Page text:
This story ran as part of a VCU Student Media Center summer special publication, The Compass, which serves as a guidebook for new students.
Georgia Geen, Executive Editor
You’ve read about some of the restaurants, book shops and attractions Richmond has to offer. For those too far from VCU to walk to without experiencing severe chafing and foot cramps, one problem remains: how to get there.
VCU doesn’t allow first-year residential students to have cars on-campus, so as to create a more “pedestrian-friendly” environment and help integrate students into the university’s culture. As a result, it’s easy for freshmen to fall into a routine of staying within the university’s bubble.
Here are explanations and advice for three affordable ways to get around the city without relying on pricey Uber and Lyft rides. Keep in mind, a combination of the three might be the best way to get to your destination.
GRTC’s Pulse route, which spans from Rockett’s Landing in the east to the West End’s Willow Lawn, can bring riders to countless parts of the city — including between the MCV and Monroe Park campuses and to shopping centers. The closest stop to the Monroe Park campus is located near the intersection of Broad and Shafer streets. Just make sure to note whether you need to get on a west- or east-bound bus, or you could end up having to take a few extra rides.
But the Pulse, though shiny and new, isn’t GRTC’s only route. Buses go all throughout the city, and there’s even a seasonal route to King’s Dominion, which charges $5 for guests and $3 for King’s Dominion employees, payable in exact change on the bus.
Users can enter their destination into Google Maps and select the public transit option to learn which GRTC route(s) will get them there. This won’t show anticipated arrival times at each stop — for that information, download GRTC’s app, available for iPhone and Android.
RVA Bike Share
Pedaling might be more physically demanding than sitting in a bus with air-conditioning, but using Richmond’s bike share system allows travelers to get around on their own schedule.
Its 16 stops are more geographically condensed than GRTC’s bus stops, but users can take advantage of stops near Hollywood Cemetery, Movieland at Boulevard Square and the Edgar Allan Poe Museum. On a practical note, its stop near the Lombardy Street Kroger makes light shopping trips easier.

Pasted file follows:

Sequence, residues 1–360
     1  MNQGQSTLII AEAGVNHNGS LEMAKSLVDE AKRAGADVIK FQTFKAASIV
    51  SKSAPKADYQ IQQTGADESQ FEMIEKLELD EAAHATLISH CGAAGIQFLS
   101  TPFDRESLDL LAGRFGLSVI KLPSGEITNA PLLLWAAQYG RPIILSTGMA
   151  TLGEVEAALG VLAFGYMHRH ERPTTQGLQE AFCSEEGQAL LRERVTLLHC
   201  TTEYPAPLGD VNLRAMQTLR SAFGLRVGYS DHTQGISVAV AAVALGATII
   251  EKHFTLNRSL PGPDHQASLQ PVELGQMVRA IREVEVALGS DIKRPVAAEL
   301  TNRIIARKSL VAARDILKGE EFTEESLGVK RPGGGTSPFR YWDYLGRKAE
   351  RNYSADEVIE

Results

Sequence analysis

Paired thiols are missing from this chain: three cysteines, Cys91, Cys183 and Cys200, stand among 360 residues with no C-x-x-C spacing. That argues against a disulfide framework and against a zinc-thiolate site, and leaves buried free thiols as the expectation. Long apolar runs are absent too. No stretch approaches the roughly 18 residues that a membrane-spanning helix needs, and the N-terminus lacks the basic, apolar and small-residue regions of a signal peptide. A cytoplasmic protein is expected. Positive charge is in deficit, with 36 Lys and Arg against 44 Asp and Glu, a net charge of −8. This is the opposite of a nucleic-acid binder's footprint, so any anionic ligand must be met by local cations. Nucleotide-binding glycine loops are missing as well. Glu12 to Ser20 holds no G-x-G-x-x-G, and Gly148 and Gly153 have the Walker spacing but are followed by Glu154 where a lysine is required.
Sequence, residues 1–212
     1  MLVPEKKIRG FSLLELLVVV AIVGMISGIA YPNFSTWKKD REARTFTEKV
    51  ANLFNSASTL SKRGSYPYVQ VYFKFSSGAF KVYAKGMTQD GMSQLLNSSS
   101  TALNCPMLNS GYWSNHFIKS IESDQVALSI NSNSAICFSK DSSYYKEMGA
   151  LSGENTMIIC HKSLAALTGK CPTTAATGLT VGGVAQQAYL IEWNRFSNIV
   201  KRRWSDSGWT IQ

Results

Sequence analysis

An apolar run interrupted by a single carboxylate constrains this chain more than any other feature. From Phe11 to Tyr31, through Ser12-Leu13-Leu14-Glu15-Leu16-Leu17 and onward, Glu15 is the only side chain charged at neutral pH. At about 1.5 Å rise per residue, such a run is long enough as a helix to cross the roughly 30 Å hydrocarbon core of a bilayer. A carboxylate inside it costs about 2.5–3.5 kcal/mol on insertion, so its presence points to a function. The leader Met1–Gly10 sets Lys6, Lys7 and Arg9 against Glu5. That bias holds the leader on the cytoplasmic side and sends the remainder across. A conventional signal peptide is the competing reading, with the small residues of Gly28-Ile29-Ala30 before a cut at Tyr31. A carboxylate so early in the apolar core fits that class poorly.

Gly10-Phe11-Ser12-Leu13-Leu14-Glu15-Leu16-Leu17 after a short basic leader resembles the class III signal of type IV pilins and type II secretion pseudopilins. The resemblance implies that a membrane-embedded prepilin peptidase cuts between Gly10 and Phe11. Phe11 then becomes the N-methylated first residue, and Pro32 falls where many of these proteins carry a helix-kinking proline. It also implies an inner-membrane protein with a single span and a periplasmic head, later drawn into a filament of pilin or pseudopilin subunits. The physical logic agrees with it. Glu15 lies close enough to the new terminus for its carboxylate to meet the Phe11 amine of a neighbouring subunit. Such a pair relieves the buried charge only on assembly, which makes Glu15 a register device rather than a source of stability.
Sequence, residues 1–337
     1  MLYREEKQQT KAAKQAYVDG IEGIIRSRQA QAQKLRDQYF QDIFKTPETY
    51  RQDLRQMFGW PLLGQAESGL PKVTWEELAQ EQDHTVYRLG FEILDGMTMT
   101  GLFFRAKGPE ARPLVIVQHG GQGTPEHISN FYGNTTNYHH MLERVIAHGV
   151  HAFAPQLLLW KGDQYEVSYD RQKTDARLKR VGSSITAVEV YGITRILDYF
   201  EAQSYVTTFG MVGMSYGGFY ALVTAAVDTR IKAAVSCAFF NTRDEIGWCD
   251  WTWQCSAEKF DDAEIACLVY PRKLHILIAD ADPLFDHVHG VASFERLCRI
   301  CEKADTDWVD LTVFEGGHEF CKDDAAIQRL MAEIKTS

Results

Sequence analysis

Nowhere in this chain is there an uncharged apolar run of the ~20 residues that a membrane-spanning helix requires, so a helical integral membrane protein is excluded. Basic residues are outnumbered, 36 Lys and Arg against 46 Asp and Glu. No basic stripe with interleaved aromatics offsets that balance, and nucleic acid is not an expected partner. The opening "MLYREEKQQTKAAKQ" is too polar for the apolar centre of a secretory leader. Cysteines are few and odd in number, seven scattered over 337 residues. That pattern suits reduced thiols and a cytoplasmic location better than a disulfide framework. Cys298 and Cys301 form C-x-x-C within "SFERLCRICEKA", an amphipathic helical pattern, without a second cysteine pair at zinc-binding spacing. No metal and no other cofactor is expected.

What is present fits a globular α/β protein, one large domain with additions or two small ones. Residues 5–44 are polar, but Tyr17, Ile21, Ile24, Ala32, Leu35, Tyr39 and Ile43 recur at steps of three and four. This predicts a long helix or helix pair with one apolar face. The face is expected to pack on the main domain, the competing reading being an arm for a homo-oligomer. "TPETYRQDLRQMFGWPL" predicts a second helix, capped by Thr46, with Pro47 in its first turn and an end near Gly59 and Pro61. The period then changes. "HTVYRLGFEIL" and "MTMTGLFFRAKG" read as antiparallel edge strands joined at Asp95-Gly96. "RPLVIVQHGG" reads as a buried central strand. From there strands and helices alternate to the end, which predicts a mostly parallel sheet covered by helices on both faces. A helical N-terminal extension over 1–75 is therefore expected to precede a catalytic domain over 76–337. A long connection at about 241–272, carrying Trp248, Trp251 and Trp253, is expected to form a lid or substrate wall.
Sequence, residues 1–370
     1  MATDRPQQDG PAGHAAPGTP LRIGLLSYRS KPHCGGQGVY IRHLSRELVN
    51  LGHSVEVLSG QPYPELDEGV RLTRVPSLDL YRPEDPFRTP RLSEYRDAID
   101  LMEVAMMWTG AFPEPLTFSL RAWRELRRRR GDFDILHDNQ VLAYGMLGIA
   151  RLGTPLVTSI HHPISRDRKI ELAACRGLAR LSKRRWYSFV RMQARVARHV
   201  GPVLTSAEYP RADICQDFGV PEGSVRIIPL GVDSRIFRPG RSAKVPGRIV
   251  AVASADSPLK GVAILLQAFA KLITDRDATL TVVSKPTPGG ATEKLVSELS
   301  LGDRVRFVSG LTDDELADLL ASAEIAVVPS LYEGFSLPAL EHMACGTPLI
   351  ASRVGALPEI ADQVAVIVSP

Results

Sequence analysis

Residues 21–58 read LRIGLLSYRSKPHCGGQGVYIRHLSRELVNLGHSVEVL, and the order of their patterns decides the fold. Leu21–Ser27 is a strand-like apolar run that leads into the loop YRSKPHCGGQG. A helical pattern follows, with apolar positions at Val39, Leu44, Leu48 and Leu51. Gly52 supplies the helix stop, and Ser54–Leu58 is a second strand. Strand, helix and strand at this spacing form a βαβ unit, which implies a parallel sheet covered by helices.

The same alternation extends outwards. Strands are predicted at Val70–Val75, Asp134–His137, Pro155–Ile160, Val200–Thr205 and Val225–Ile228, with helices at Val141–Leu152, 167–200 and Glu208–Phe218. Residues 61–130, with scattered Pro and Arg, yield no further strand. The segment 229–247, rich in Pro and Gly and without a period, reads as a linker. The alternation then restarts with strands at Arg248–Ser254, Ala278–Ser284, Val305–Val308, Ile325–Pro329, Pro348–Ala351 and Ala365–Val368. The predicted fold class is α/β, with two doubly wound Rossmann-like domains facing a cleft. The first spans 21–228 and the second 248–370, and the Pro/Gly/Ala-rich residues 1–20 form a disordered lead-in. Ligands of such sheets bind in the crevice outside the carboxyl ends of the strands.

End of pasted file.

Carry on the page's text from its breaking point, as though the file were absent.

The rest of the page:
Individual Go Passes can be purchased at the station kiosks and cost $1.75 for the first 45 minutes of a ride, while longer rides cost $3 per half-hour. Monthly and annual passes are $18 and $96, respectively, and holders just have to hold their pass up to the handlebars of the bike they wish to unlock or use the mobile app. Once a ride is completed, return the bike to the nearest Ride Share stop, which serve as charging stations.
As referenced in this publication’s VCU Dictionary of Terms, RamRide offers the Connector Express and RamSafe to help students and staff get around the university’s campuses and surrounding areas. Though the destinations are limited, the services — especially the campus connector — can be used to get closer to downtown attractions. Plus, they’re free. Just make sure to have your VCU ID ready.
Download the Rider app and add “Virginia Commonwealth University” to your transit systems to view stops and arrival times for the Campus Connector. The RamSafe app allows users to request rides to VCU buildings and surrounding residential areas from a predetermined list of addresses.
On select dates during, prior to and after Thanksgiving, winter, spring and summer breaks, RamAway offers a shuttle service to the Richmond International Airport, Greyhound bus station and Amtrak stations on Staples Mill Road and Main Street. Select dates and times haven’t been established for the fall 2019 semester, though students can make reservations at parking.vcu.edu/transportation/ramaway.